...for work. América insists that Cándido can’t leave her behind in the canyon, in case José Navidad and his friend return. Cándido maintains that América will be safe as long as... (full context)
Part 2, Chapter 6
Anger, Hatred, and Bigotry Theme Icon
...Da Ros house, reflecting on the fruitless report she filed with the sheriff’s department about José Navidad and his friend being on the property. In an hour Kyra will be canvassing... (full context)
Violence Against Women Theme Icon
...enters the Da Ros property. She still feels unnerved being there, after her run-in with José Navidad. As she makes her rounds of the property, she is “bewildered at first, then... (full context)
Anger, Hatred, and Bigotry Theme Icon
...homeward, Delaney turns onto his street and sees a man in a backwards baseball cap (José Navidad) crossing Jack Cherrystone’s lawn. Delaney recognizes the man as the “hiker” he encountered in... (full context)
Anger, Hatred, and Bigotry Theme Icon
José insists that he is delivering “flies,” but Delaney is now in a rage, insisting that... (full context)
Part 3, Chapter 3
Anger, Hatred, and Bigotry Theme Icon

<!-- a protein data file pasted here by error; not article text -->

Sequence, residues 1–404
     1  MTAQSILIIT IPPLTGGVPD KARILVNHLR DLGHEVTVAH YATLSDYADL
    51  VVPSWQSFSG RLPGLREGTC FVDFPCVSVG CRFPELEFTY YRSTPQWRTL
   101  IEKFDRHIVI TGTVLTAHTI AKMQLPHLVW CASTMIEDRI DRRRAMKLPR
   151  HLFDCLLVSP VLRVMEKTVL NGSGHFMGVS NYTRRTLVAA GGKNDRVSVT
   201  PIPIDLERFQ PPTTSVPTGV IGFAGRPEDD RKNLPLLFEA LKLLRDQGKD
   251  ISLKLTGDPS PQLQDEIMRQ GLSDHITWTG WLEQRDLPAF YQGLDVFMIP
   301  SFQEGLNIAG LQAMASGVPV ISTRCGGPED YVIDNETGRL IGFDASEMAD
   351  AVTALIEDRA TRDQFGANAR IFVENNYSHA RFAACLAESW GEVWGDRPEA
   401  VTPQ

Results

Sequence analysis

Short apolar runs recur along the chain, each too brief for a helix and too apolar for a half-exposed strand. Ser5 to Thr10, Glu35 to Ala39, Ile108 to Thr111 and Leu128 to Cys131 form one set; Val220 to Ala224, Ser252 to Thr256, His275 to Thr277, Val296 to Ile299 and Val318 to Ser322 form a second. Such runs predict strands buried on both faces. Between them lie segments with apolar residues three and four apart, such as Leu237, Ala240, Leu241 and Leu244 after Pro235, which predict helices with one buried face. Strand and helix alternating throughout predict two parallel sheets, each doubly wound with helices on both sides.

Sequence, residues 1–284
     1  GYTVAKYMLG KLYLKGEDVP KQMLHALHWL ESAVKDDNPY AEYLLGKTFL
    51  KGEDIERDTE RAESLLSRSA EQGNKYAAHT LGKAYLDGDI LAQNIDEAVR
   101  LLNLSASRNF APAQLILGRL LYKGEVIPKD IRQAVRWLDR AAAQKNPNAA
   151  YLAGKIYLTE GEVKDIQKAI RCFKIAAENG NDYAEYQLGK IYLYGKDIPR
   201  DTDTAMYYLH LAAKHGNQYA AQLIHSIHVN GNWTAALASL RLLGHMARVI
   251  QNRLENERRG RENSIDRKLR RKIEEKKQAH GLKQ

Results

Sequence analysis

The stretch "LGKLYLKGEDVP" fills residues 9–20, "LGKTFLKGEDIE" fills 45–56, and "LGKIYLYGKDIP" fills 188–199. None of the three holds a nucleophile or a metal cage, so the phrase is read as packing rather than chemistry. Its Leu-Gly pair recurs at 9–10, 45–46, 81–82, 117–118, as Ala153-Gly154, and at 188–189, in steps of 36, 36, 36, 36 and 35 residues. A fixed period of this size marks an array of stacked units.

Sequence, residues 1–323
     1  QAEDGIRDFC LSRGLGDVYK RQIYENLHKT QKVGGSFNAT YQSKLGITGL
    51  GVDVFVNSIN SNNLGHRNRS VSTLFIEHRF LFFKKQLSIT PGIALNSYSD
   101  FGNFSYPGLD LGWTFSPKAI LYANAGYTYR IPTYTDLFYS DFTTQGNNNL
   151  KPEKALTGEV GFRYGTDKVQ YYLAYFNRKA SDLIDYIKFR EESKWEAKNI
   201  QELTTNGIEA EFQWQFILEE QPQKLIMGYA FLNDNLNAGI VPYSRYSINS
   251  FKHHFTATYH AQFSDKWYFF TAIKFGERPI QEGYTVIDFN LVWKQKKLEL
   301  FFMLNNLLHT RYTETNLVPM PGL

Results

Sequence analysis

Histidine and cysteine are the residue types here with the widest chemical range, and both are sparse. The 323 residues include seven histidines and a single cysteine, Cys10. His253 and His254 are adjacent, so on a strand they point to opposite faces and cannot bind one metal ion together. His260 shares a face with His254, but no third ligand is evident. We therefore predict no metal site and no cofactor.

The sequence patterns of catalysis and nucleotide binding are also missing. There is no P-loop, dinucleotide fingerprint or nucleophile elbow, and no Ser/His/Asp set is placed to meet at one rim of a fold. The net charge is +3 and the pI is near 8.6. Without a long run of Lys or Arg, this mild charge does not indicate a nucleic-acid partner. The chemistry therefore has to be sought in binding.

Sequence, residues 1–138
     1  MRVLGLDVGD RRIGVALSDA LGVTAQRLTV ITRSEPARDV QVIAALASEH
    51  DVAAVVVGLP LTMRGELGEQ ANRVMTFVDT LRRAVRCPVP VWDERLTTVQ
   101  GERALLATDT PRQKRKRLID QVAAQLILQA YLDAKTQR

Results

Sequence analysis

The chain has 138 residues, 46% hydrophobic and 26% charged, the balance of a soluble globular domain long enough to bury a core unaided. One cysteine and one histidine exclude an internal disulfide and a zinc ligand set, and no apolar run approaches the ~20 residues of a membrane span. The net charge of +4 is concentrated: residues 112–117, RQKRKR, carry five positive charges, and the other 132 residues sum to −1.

As he is talking to and sharing some Scotch with Jack Cherrystone, Delaney notices José Navidad and his friend. He “[doesn’t] try to correct himself, not now, not ever again”... (full context)
Anger, Hatred, and Bigotry Theme Icon
Belonging and the American Dream Theme Icon
...crowd start yelling racial slurs at the men, and when Delaney makes eye contact with José, José spits at him. In response, Delaney jumps José and begins punching him. The officer... (full context)
Anger, Hatred, and Bigotry Theme Icon
Fate, Luck, and Egotism Theme Icon
...repentant, he [can’t] suppress a flare of outrage” when he thinks about the fact that José Navidad claimed to have been only “hiking” in the canyon. (full context)
Part 3, Chapter 5
Anger, Hatred, and Bigotry Theme Icon
...were burning everybody else out too.” Kyra reflects on the fact that the police held José Navidad and his friend but have since “let them go for lack of evidence.” She... (full context)
Anger, Hatred, and Bigotry Theme Icon
...have released “the Mexicans […] who burned down [her] house.” Delaney is also furious that José Navidad and his friend have been released. He is “frightened” by the level of hatred... (full context)